Solutions in 2020 will continue to be created and implemented, with computer technology taking a much larger role. Recycling, including various forms of waste-to-energy efforts, UPSCALING,  will also take a much greater role in waste management. New laws along with massive cooperation and coordination between governments, businesses, and individuals will also be required to successfully get on top of the situation. EPR and circular economy will be the way forward. An Eye on the Future of waste… waste not the waste, but think and act now in 2020

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Sameer Joshi holds a degree in Polymer engineering, along with holding a Ph.D. in Waste Management. He has been working in plastics waste management and has been supporting young entrepreneurs who are dedicated to reducing plastic pollution. He has his own plastic moulding unit in Pune.

He is a Fellow of the Indian Plastics Institute and of Indian Institute of Valuers, Member Institution of Engineers India, and Senior Member Society of Plastic Engineers USA.

He holds expertise in Circular Economy, Recycling, EPR & Plastics.

He is Head of Plastics Committee MRAI, Hon. Secretary Governing Council of Indian Plastics Institute and also an approved Valuer for Plant and Machinery.

Along with multiple feats, he also holds a Guinness World Book Record Holder for the world’s largest T-shirt from plastic waste in 2018.

Other associations-

  • Member Advisory Committee CIPET- Dept. of Chemicals and Petrochemicals, Government of India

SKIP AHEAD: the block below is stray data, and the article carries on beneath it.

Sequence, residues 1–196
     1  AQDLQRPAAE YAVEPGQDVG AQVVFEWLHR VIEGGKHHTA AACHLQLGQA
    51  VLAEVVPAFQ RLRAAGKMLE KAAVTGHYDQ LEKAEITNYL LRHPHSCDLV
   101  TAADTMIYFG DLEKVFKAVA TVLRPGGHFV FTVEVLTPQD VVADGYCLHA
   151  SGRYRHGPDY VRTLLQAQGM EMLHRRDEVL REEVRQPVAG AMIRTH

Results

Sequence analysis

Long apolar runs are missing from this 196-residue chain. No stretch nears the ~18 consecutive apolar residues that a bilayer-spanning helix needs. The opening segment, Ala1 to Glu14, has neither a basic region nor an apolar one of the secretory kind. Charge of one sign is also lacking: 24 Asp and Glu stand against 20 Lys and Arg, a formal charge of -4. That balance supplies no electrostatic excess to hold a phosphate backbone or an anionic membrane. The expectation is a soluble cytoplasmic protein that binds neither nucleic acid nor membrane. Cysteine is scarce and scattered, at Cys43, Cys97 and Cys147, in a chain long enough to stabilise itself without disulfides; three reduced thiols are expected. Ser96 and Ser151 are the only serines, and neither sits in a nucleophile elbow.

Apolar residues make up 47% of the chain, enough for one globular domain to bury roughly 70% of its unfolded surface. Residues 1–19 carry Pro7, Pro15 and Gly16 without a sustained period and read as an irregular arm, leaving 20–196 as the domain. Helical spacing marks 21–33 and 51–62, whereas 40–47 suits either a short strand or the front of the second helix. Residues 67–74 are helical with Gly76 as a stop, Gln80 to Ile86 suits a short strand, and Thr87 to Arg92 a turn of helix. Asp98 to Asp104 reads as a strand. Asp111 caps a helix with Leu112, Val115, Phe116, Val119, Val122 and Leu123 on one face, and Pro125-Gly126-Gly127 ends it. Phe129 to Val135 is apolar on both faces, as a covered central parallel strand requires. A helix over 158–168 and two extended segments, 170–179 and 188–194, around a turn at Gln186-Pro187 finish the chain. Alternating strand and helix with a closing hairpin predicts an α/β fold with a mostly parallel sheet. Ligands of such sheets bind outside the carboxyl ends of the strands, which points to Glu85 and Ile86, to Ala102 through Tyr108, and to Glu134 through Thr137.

• Member CSR Committee Assocham India
  • Member Industry academia Committee Amity University
  • Mentor International Council on Circular Economy
  • Signatory to Global Commitment to End plastic waste(Ellen Mac Arthur Foundation)
  • Member Global Partnership Marine Litter(UN Environment Program)
  • Member Prevent Waste Alliance (Germany)
  • Global Advisor MSMECCII (India)

He has been a guide to students for their Master’s and Ph.D. degrees.He has been on several committees of national and state level for plastic waste management.

He has several publications and has a patent, has been a speaker/ moderator at national and international conferences, besides being the recipient of awards at state and national level.

Sameer is a good friend and a great companion always is human in heart and rich in knowledge of plastics. He is always ready to do anything good for the betterment of society.

In Short – Sameer: a lovable man for all.

Dr. Joshi is a Hero of RECESS (Recycling, Environment, Circular Economy, Sustainability System (RECESS)